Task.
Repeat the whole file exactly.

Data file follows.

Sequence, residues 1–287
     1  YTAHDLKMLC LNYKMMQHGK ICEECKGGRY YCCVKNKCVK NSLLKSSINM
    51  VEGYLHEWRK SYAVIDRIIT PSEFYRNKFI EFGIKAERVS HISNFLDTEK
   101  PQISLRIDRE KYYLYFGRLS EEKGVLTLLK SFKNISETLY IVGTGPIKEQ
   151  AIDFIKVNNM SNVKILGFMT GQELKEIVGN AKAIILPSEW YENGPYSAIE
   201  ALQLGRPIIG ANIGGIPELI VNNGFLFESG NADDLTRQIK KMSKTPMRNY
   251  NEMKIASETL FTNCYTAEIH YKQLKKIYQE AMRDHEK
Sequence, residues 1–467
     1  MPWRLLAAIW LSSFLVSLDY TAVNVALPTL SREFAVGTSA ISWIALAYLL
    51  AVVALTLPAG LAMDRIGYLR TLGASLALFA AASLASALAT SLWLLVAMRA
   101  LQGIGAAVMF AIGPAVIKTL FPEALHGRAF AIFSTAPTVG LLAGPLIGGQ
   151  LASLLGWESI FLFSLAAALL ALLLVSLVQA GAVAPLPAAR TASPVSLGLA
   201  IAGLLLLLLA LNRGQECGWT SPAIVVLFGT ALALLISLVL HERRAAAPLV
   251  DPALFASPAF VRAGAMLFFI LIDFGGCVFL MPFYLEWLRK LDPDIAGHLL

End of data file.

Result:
Sequence, residues 1–287
     1  YTAHDLKMLC LNYKMMQHGK ICEECKGGRY YCCVKNKCVK NSLLKSSINM
    51  VEGYLHEWRK SYAVIDRIIT PSEFYRNKFI EFGIKAERVS HISNFLDTEK
   101  PQISLRIDRE KYYLYFGRLS EEKGVLTLLK SFKNISETLY IVGTGPIKEQ
   151  AIDFIKVNNM SNVKILGFMT GQELKEIVGN AKAIILPSEW YENGPYSAIE
   201  ALQLGRPIIG ANIGGIPELI VNNGFLFESG NADDLTRQIK KMSKTPMRNY
   251  NEMKIASETL FTNCYTAEIH YKQLKKIYQE AMRDHEK
Sequence, residues 1–467
     1  MPWRLLAAIW LSSFLVSLDY TAVNVALPTL SREFAVGTSA ISWIALAYLL
    51  AVVALTLPAG LAMDRIGYLR TLGASLALFA AASLASALAT SLWLLVAMRA
   101  LQGIGAAVMF AIGPAVIKTL FPEALHGRAF AIFSTAPTVG LLAGPLIGGQ
   151  LASLLGWESI FLFSLAAALL ALLLVSLVQA GAVAPLPAAR TASPVSLGLA
   201  IAGLLLLLLA LNRGQECGWT SPAIVVLFGT ALALLISLVL HERRAAAPLV
   251  DPALFASPAF VRAGAMLFFI LIDFGGCVFL MPFYLEWLRK LDPDIAGHLL